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The new CBA and its implications for rookie players and agents

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Now that it has been a few drafts since the new CBA, we are starting to get a hold on its implicaitons for agents and players. Andrew Brandt has some information on that.

Brian Spurlock-USA TODAY Sports

Since the draft has recently occurred, Andrew Brandt over at wrote an article that examines some of the implications of rookie contracts now coming in en masse. The new CBA has expedited the process of signings since it has removed the incentives of the previous CBA for agents to wait until July to sign.

Part of the reason why players and agents would wait is to avoid players in a similar slot in the draft "jumping their slot." Such a thing would hurt an agent's ability to recruit draftees in the future. But, now, with the signings much more regularized, the players don't need to pay an agent his maximum signing fee (3%), and Ereck Flowers is even negotiating his contract with the Giants by himself. The only reason agents even contribute to rookie contracts any more is to assist in debates over the structure of the contract (Brandt does an excellent job laying out some structural considerations).

The result of this change, however, is that agents have a significantly less powerful relationship with rookies than ever before, and they make significantly less money off of first round rookies than under the previous CBA. As a consequence, the agents have been signing their players up for marketing deals (trading cards, locals markets, etc.) at a rapid rate. Agents have lost a large source of income that was available just a few years ago.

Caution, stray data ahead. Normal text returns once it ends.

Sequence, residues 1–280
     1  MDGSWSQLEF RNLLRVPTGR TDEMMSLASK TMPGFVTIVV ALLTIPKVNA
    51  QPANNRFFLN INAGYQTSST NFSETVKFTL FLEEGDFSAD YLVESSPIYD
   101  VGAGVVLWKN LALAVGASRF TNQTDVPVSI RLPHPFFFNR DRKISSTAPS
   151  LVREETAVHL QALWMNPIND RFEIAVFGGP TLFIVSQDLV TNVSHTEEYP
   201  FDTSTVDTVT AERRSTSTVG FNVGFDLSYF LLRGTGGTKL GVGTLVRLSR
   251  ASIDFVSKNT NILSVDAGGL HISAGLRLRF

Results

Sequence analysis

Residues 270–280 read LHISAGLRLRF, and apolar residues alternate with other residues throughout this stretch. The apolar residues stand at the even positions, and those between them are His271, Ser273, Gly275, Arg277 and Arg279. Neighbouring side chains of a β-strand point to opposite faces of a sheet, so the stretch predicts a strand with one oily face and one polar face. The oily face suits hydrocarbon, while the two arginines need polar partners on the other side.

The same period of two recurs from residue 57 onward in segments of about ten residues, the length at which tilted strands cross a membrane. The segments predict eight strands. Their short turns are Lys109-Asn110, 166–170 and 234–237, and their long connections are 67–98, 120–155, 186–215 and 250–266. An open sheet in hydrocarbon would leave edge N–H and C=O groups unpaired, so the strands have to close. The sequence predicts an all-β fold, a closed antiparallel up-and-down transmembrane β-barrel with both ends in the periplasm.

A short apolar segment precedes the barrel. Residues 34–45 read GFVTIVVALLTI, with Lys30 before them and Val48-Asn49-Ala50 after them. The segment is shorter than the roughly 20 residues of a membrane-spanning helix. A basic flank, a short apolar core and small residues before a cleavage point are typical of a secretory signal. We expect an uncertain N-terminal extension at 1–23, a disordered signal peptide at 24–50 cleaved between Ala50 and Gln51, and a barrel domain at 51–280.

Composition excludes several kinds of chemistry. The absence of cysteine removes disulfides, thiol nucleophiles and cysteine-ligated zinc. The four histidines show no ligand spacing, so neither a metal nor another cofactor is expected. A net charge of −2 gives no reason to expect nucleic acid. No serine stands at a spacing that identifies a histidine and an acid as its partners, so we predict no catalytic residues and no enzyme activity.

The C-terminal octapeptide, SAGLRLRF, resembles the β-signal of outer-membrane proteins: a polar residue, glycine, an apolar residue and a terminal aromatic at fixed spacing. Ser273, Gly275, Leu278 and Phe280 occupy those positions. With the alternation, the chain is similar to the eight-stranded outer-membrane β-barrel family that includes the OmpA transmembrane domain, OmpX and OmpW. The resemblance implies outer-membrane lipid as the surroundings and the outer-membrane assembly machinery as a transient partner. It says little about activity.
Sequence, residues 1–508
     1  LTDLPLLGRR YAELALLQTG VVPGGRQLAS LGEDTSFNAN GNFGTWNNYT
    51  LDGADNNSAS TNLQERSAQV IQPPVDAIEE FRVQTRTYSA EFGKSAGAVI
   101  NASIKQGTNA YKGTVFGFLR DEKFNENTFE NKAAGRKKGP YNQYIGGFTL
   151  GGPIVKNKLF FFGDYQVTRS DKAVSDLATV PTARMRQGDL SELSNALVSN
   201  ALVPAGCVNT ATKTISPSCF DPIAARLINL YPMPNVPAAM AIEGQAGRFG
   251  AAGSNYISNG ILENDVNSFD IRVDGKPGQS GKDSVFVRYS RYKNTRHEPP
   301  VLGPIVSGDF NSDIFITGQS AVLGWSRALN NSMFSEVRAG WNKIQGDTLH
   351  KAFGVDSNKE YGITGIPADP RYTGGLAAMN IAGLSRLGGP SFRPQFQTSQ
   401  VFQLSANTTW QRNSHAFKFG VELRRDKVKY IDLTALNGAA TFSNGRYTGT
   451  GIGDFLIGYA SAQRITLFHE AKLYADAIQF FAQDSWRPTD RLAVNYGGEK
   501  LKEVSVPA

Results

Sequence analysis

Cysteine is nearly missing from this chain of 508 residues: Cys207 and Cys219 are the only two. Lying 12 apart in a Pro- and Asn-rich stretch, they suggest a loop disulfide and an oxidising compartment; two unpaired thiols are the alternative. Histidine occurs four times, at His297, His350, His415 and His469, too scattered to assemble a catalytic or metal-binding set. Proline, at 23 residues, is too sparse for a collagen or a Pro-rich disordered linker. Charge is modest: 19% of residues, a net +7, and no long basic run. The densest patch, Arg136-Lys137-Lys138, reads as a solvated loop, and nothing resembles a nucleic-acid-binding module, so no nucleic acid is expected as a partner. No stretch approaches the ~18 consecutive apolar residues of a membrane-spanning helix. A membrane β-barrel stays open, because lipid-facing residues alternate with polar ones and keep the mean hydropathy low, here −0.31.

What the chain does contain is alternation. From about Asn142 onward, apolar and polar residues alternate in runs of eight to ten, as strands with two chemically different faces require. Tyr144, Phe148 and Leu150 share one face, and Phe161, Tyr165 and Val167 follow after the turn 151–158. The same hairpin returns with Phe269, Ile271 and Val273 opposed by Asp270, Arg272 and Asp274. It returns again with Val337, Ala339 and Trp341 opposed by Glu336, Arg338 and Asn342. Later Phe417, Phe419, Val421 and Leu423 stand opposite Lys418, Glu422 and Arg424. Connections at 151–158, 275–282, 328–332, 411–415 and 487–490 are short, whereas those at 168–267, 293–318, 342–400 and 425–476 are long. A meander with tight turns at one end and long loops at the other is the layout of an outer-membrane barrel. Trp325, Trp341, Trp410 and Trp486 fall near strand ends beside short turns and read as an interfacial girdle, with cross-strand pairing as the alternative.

But, there are also consequences for the players. First off, they have to work more marketing deals as a rookie, potentially distracting them from OTAs or settling into their new life. The difficulty, moreover, is compounded by the fact that - historically - it can be very hard for certain rookies to transition to the NFL.

And that doesn't even begin to address the issue that veteran members of the players union screwed over their new members to the very same union. There are certainly reasons for this (I mean, the players have never played a snap - but on the flip side, that's not how value is determined for draftees or, really, in any other job ever), but it is still a huge change for rookie players and their agents.